JEOL Collaborators renowned for their innovations with JEOL Electron Microscopes
JEOL USA congratulates University of Tokyo Professor Yuichi Ikuhara and Professor Naoya Shibata, recently awarded the Japan Academy Prize for development of State-of-the-Art Electron Microscopy and their contribution to Nano Interface Technology (Joint Research). As corroborators with JEOL, their work in developing the Magnetic-field-free Atomic-Resolution STEM (MARS), Annular Bright Field (ABF), and Optimum Bright Field STEM detector (OBF) is invaluable.
Ikuhara and Shibata have worked together to pioneer the cutting edge of scanning transmission electron microscopy (STEM) and to solve various problems in nanomaterials science, including:
- Establishing quantitative evaluation methods for local atomic structures and electronic states such as interfaces and dislocations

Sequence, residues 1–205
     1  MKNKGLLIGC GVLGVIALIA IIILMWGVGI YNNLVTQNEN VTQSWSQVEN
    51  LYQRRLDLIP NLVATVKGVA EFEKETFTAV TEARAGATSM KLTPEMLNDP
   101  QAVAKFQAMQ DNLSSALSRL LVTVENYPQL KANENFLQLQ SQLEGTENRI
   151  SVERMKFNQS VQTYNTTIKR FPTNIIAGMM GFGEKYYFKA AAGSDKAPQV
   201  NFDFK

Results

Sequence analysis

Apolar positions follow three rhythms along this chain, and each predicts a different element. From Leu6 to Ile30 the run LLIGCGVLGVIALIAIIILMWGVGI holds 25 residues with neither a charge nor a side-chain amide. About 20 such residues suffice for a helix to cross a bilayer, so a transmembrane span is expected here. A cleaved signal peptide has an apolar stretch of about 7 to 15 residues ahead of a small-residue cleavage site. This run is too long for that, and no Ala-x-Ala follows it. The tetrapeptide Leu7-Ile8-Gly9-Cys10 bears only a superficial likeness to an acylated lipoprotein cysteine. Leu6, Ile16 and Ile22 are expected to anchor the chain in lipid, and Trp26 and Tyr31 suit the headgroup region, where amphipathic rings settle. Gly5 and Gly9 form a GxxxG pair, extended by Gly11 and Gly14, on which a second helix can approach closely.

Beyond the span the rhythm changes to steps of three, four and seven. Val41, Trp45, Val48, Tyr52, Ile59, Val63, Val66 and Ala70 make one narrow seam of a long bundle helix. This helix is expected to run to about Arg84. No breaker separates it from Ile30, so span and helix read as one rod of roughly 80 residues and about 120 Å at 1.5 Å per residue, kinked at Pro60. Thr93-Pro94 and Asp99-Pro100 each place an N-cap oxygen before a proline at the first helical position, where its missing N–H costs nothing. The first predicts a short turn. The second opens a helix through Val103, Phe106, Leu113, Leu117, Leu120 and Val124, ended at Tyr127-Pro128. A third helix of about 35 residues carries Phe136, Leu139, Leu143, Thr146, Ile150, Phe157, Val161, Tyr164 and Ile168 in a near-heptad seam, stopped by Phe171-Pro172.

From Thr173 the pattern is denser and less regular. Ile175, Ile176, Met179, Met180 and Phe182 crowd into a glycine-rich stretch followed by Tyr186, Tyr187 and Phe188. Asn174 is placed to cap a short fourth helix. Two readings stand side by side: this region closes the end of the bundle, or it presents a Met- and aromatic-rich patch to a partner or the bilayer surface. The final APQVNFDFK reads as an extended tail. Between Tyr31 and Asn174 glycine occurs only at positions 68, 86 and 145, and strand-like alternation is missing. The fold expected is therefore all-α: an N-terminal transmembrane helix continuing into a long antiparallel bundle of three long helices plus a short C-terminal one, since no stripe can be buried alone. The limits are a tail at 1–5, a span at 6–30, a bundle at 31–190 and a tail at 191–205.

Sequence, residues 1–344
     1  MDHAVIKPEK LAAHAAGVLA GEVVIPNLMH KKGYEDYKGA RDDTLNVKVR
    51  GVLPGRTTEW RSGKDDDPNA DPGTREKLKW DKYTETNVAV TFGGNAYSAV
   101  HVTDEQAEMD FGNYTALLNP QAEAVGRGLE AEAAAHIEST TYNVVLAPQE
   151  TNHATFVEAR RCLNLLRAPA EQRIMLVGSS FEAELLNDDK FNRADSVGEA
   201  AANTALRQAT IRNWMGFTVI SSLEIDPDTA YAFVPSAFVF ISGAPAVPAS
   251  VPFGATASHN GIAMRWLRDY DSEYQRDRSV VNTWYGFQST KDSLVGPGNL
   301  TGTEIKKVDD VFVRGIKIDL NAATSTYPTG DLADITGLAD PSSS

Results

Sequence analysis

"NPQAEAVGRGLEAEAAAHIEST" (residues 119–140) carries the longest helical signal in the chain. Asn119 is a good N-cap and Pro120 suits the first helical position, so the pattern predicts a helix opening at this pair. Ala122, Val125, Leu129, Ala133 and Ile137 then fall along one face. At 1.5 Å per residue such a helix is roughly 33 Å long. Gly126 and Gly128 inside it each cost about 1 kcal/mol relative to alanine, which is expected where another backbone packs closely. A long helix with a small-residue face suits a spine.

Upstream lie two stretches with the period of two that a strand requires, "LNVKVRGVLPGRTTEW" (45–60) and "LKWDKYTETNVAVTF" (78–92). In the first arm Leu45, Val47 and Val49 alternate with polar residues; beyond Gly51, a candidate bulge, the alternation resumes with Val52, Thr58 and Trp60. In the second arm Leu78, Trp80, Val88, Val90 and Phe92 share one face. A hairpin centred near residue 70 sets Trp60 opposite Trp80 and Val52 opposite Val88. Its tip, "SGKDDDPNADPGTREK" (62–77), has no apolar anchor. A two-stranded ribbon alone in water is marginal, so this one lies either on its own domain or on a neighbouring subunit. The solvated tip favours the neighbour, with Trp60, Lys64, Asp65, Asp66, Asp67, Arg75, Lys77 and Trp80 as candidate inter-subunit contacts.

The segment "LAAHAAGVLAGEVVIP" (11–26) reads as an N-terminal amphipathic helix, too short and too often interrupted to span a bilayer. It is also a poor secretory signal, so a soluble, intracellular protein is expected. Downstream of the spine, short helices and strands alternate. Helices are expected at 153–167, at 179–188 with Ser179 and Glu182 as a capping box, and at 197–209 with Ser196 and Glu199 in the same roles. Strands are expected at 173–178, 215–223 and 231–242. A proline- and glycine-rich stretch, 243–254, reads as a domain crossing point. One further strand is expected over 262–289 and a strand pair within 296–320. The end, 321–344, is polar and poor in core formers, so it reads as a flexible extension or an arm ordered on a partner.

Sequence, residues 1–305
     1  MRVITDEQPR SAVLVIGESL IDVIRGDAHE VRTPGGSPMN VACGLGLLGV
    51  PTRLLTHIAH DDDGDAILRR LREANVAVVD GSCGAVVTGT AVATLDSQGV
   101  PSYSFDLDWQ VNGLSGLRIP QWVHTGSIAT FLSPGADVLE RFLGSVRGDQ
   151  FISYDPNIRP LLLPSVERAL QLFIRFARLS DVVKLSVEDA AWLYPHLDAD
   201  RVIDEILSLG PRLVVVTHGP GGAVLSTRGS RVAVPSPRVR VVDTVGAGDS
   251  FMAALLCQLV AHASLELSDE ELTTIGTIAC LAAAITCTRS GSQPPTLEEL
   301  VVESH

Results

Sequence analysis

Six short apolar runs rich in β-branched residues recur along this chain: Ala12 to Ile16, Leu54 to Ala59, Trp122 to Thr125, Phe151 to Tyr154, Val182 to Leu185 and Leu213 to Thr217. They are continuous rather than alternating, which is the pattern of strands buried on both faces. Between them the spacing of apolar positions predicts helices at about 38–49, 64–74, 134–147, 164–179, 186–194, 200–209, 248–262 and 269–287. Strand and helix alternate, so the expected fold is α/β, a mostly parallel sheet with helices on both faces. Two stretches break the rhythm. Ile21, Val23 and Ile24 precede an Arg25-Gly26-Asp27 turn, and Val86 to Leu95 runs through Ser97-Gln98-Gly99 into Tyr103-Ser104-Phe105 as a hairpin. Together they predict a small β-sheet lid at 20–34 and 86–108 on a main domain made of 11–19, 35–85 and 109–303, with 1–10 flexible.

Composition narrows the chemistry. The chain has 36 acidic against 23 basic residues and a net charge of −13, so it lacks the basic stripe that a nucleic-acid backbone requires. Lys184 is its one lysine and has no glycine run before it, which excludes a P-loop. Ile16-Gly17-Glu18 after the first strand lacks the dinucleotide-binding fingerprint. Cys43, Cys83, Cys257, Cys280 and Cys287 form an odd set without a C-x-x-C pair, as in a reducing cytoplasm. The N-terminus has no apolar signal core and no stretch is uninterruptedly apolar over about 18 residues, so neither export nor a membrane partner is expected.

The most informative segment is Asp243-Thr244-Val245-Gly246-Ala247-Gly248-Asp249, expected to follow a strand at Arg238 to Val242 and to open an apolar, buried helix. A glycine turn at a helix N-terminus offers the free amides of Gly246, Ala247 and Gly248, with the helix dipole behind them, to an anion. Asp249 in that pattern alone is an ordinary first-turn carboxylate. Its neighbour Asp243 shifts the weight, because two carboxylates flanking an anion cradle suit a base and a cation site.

- Achieving the world's highest resolution of 40.5 pm using GaN, direct observation of light elements, high-resolution in-situ observation, etc.
- Developing numerous sophisticated analysis methods using TEM, such as:
- Determining the correlation between interfacial atomic/electronic structure and functional properties, the relationship between identification of atomic positions of light elements and physical properties, elucidation of dislocation core/lattice defect structure, elucidation of material deformation and fracture mechanism, ceramics grain boundary segregation mechanism
- Direct observation of the electric field inside the atom/observation of the atomic magnetic field.
- Ultimately, developing new STEM detectors including Annular Bright Field (ABF) and atomic resolution magnetic field-free electron microscopes (MARS)
Based on these series of research results, Ikuhara and Shibata are constructing the theory of nano-interface engineering leading to the design and creation of new materials focusing on the functions of interfaces and lattice defects.